Nostalgia for a World Where We Can Live
Monica Berlin, Professor of English
Southern Illinois University Press (2018)
Nostalgia for a World Where We Can Live resides at the turbulent confluence of relentless news cycles and the repeated rending of our interior lives. These poems notice the day in the wind, the night tucked up to the train tracks, and a slipping-in of yesterday, memory-laden, alongside the promise of a more hopeful tomorrow. Here is the Midwest, vibrant and relic, in the ongoing years of collapse and recovery. Here the constant companionship of weather lays claim to its own field of vision.
Hypercapitalism: The Modern Economy, Its Values, and How to Change Them
Tim Kasser, Emeritus Professor of Psychology, and Larry Gonick
The New Press (2018)
Hypercapitalism draws from contemporary research on values, well-being, and consumerism to describe concepts (corporate power, free trade, privatization, deregulation) that are critical for understanding the world we live in, and movements (voluntary simplicity, sharing, alternatives to GDP, protests) that have developed in response to the system.
Organizing for Policy Influence: Comparing Parties, Interest Groups, and Direct Action
Benjamin Farrer, Assistant Professor of Environmental Studies
Organizing for Policy Influence explains how activists can influence the policies they care about, even when they are outnumbered and their issues are ignored. The solution lies in a surprising place: organizational choice. Different types of organizations will be more influential under particular democratic institutions. If they choose the optimal type of organization - given their institutional context - then even minority groups can be influential. Environmentalists are a key example of how small groups can sometimes punch above their weight. Environmentalists in different countries have made different organizational choices. These choices explain whether or not they succeeded in influencing policy.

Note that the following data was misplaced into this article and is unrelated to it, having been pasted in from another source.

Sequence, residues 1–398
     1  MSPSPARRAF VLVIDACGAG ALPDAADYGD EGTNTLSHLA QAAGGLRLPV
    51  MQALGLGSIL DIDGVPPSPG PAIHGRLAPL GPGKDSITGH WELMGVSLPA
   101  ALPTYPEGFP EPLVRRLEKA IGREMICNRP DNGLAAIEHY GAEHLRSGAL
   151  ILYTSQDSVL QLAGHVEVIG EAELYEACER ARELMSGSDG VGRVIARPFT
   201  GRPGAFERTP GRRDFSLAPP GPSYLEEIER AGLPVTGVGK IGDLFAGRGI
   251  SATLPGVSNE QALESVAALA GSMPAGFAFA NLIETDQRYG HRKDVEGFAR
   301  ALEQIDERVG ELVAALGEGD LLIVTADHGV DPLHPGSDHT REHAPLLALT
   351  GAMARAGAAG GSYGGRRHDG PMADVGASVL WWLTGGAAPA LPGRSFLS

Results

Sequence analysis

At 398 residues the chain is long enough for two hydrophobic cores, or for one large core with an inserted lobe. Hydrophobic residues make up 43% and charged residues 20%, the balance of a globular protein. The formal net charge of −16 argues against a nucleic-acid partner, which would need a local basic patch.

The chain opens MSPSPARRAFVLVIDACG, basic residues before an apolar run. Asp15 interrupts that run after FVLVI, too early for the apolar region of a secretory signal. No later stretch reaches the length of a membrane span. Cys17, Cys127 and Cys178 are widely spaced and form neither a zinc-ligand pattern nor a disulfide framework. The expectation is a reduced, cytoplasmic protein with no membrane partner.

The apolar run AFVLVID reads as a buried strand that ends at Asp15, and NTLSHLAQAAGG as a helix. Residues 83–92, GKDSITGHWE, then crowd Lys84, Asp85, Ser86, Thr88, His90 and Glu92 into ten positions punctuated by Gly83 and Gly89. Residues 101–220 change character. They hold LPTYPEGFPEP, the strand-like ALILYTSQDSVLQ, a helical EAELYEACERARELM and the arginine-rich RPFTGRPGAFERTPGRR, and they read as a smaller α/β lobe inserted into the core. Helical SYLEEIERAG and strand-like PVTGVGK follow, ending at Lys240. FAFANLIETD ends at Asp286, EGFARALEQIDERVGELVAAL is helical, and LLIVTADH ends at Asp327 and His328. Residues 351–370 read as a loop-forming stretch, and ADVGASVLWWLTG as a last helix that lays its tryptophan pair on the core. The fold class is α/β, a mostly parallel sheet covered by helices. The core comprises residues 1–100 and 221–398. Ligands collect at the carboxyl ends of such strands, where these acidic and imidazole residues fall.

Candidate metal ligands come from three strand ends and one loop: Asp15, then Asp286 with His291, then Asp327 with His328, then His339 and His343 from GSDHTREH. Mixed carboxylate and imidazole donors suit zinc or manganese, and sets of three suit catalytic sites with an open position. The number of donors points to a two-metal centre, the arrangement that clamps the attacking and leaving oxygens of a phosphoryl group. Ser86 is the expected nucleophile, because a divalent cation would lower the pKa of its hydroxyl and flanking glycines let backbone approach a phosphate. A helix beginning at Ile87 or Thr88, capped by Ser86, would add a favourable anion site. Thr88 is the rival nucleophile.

Competing Economic Paradigms in China: The Co-Evolution of Economic Theory and Economic Education, 1976-2016
Steve Cohn, Charles W. and Arvilla S. Timme Chair in Economics
Competing Economic Paradigms in China explains how and why neoclassical economic theory replaced Marxist economic theory as the dominant economics paradigm in China. It rejects the idea that the rise of neoclassical theory was a triumph of reason over ideology, and instead, using a sociology of knowledge approach, links the rise of neoclassical economics to broad ideological currents and to the political-economic projects that key social groups inside and outside China wanted to enable. The book concludes with a discussion of the nature of economic theory and economics education in China today.
Software Development, Design and Coding: With Patterns, Debugging, Unit Testing, and Refactoring
John Dooley, William and Marilyn Ingersoll Chair in Computer Science
Software Development, Design and Coding introduces you to software engineering — from the application of engineering principles to the development of software. You'll see how to run a software development project, examine the different phases of a project, and learn how to design and implement programs that solve specific problems. It's also about code construction — how to write great programs and make them work.
Order and Insecurity in Germany and Turkey: Military Cultures of the 1930s
Emre Sencer, Associate Professor of History
Order and Insecurity in Germany and Turkey examines processes of military, political and cultural transformation from the perspective of officers in two countries: Germany and Turkey in the 1930s. The national fates of both countries interlocked during the Great War years and their close alliance dictated their joint defeat in 1918.
Poesía Quechua en Bolivia (Quechua Poetry in Bolivia)
Julio Noriega, Professor of Modern Languages and Chair of Latin American Studies